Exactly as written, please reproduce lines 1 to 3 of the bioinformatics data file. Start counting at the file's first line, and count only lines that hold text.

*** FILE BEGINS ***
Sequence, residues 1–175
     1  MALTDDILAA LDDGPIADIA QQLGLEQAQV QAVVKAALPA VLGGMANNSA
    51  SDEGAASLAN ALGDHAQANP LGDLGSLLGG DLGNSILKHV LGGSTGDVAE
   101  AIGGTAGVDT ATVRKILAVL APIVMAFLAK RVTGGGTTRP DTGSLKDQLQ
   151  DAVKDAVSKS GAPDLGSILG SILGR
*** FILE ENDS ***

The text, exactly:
Sequence, residues 1–175
     1  MALTDDILAA LDDGPIADIA QQLGLEQAQV QAVVKAALPA VLGGMANNSA
    51  SDEGAASLAN ALGDHAQANP LGDLGSLLGG DLGNSILKHV LGGSTGDVAE